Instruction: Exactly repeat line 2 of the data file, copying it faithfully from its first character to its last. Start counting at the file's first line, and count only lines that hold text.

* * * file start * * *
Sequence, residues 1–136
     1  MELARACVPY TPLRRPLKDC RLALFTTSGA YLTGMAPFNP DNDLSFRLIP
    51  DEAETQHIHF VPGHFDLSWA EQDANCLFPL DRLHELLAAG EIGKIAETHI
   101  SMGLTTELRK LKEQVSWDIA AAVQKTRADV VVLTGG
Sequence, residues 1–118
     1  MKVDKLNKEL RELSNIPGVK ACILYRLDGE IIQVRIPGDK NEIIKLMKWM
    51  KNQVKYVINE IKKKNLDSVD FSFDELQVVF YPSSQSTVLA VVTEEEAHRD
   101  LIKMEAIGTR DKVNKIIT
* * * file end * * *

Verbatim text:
     1  MELARACVPY TPLRRPLKDC RLALFTTSGA YLTGMAPFNP DNDLSFRLIP